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"Vagina Dialogue", 2001

My work is on a complete positive note... Inspired by; "The Vagina Monologues, created and performed by Eve Ensler, debuted off-off-Broadway in 1996. This controversial work soon rode a wave of national acclaim and continues to be performed in North America and around the world. It has been translated into 14 different languages and performed in over 30 different countries."


Michael Sebastian , January 11, 2005; 04:56 P.M.


other than depicting a neatly trimmed equipage of multiply-pierced external genitalia, this photo does not really "say" anything to me or move me except to squirm in my seat and reach for the ointment.

I like the rest of your nude work, in its entirety, much better.

have a look at my portfolio as well-feedback appreciated; it's small so it won't take you long!

best, Michael Sebastian

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Peter Nelson , January 11, 2005; 06:47 P.M.

That's not a vagina

I've noticed ever since Eve Ensler's work became popular that no one, male or female, has a clue what a vagina is anymore!!!

What you've photographed there is a "vulva", or at least part of one. It has LOTS of synomyms, so we don't need any more words for it. But "vagina" has NO common synonyms, so if we redefine "vagina" to mean "vulva" there will no longer be a word for vagina. THEN how will people refer to it?

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Robie Kulokivi , January 12, 2005; 04:46 P.M.


Thank you Michael and Peter for your comments. There are of course a certain amount of other practical things that spring to mind when viewing this photograph. I'm certain you are right in the terminology and definition of human parts...(see, this actually makes a dialog)

kristina lagelli-lazar , January 24, 2005; 03:34 A.M.


this little sex organ outer is a very good example for watching our bodies as time goes by.i just imagine the same modell ten years later... otherwise, with a different position a lights you might have been able to create a bit mor astethic image. although probably asthethism was probably none of your goals...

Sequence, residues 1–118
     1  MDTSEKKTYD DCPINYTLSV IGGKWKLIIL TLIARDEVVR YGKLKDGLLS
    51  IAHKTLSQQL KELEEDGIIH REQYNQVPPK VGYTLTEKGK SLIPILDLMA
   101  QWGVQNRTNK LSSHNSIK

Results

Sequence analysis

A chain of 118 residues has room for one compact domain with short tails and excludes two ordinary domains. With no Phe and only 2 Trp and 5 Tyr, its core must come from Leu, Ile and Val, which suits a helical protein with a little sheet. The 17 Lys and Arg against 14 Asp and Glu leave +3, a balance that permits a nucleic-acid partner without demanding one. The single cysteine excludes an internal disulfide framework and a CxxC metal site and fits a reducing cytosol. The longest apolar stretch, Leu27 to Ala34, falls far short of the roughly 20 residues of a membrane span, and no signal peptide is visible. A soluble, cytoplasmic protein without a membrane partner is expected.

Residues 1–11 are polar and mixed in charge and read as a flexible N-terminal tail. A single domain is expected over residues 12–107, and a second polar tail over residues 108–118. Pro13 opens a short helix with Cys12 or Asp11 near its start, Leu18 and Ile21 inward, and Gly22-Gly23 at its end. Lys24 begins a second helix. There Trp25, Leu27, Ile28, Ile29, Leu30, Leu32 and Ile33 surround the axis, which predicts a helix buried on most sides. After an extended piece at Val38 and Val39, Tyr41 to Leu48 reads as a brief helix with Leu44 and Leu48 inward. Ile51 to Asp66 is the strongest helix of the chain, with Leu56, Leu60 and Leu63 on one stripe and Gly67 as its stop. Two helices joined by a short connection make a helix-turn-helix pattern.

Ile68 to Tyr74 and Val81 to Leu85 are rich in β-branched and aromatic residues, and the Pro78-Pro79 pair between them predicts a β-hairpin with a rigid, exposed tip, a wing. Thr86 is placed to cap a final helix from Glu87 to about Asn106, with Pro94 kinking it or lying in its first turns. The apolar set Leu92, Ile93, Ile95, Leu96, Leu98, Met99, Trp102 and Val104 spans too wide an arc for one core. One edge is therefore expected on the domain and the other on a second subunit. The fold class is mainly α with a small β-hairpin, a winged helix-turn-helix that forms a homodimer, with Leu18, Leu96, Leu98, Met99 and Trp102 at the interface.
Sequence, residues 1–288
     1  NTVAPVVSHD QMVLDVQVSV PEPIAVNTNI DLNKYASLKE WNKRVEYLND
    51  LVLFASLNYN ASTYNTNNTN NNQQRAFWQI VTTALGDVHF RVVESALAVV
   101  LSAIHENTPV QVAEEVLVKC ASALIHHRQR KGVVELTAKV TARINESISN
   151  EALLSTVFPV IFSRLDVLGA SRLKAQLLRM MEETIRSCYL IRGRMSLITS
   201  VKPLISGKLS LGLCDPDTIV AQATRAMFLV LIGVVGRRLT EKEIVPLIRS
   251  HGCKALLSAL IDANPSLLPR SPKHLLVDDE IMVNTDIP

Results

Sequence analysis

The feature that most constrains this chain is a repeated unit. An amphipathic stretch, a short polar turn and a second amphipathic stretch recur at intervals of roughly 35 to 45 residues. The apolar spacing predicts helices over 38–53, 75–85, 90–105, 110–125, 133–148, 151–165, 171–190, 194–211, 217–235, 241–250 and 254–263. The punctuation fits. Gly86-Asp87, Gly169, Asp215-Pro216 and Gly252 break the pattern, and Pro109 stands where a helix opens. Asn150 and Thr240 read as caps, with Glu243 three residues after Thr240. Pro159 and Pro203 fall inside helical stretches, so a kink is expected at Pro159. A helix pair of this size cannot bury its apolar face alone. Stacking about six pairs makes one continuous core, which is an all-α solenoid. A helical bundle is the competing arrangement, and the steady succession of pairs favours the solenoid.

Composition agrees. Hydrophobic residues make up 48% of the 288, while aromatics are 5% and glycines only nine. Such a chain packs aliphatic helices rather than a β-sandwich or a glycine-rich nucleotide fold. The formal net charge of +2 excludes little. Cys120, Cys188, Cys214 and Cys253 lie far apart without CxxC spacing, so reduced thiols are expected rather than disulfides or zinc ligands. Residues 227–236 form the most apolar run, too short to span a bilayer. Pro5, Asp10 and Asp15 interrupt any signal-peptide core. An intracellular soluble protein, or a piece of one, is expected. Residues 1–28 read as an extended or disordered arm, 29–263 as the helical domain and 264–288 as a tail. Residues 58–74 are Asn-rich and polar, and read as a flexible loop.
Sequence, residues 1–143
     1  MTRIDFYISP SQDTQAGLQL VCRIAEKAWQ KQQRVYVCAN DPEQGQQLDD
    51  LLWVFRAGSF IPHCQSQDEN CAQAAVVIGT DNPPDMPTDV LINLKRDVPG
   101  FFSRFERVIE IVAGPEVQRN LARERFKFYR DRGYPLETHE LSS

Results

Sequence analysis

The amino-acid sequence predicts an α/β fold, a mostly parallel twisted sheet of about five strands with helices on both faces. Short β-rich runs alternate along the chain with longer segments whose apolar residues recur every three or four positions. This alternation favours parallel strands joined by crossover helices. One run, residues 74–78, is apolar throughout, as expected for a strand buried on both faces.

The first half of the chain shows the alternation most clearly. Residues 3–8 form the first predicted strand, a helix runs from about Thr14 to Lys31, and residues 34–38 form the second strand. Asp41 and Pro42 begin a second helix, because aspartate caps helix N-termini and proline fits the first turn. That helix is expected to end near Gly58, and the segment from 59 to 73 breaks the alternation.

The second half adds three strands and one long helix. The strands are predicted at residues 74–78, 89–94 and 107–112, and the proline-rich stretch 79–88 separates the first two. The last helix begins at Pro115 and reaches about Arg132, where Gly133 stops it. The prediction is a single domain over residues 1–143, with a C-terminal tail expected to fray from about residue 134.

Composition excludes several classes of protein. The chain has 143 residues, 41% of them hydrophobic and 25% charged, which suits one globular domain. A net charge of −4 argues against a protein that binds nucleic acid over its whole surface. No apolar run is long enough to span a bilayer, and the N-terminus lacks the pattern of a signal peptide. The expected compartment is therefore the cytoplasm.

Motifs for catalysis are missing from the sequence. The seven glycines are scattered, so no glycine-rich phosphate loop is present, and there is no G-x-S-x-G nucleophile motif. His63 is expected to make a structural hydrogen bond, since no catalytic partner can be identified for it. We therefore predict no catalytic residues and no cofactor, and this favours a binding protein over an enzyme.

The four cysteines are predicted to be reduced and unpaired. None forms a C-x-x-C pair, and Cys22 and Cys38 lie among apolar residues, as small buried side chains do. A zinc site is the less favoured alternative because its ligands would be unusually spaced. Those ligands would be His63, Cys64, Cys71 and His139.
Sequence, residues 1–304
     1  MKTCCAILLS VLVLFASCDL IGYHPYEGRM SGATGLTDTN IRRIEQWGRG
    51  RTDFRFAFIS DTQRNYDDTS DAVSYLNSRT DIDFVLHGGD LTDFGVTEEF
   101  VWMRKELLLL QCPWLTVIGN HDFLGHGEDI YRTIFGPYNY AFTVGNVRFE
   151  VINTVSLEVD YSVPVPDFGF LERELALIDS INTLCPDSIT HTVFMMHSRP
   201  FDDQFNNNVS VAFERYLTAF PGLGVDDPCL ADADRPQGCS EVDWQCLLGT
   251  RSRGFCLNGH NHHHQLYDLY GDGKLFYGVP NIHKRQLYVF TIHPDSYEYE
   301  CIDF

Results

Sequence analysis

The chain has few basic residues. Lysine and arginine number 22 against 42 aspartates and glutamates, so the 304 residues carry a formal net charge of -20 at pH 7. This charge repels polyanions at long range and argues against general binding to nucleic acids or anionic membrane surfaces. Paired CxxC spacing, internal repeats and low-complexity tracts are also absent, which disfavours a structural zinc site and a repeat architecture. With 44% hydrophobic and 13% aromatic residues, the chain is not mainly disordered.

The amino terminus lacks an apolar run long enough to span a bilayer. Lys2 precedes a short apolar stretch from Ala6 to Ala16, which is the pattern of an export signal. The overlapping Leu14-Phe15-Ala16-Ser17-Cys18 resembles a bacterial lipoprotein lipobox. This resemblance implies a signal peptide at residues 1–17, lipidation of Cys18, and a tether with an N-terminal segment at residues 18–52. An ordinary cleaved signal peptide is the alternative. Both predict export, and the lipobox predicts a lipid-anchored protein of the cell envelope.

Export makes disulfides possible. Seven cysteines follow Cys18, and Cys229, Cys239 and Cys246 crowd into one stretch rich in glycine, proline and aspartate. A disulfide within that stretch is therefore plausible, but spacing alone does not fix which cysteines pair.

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Robie Kulokivi , January 26, 2005; 12:45 P.M.

As time goes by...

A very good point Kristina and I certainly hope I have the opportunity to photograph this model in the future. As for any aestethics I have strived for a symmetrical closely cropped (no pun intended) view of jewelry in places unseen by most, but certainly felt by the bearer.

Maurizio Tintori , December 17, 2005; 06:52 A.M.


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Michael Papendieck , December 29, 2005; 02:59 P.M.

why is there so much metal?

Sometimes I think it is a kind of self-punishment if somebody puts so much metal to its body?


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Robie Kulokivi , December 30, 2005; 05:34 P.M.

Metal indeed...removable however

This is not really my field ...but I suppose us human beings have adorned or altered our bodies in different ways and for different reasons trough recorded history..be how it may I guess any metal jewelry is eventually removable, unlike other type of permanent alterations even more unfathomable by reason (be it religious or artistic).

On a lighter note; Let's hope for an even better New Year 2006.

Jim Adams , January 11, 2006; 06:21 P.M.


Rather than get into a debate over semantics or the ins and outs (no pun intended) regarding the practice of genital piercings, I'll just say I like this a lot, and am glad you made this shot.

I actually have a few images of this nature myself, just never got around to posting them.

The only problem I have with the image itself is that, even viewed at the larger setting, this one seems to lack the image quality/resolution of all your other work. It looks a bit pixelated.

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Robie Kulokivi , January 12, 2006; 05:03 P.M.

Darth Scanner....

I hide any talent behind my cheap (and practical I might add) scanner.

Image Attachment: PixVag.JPG

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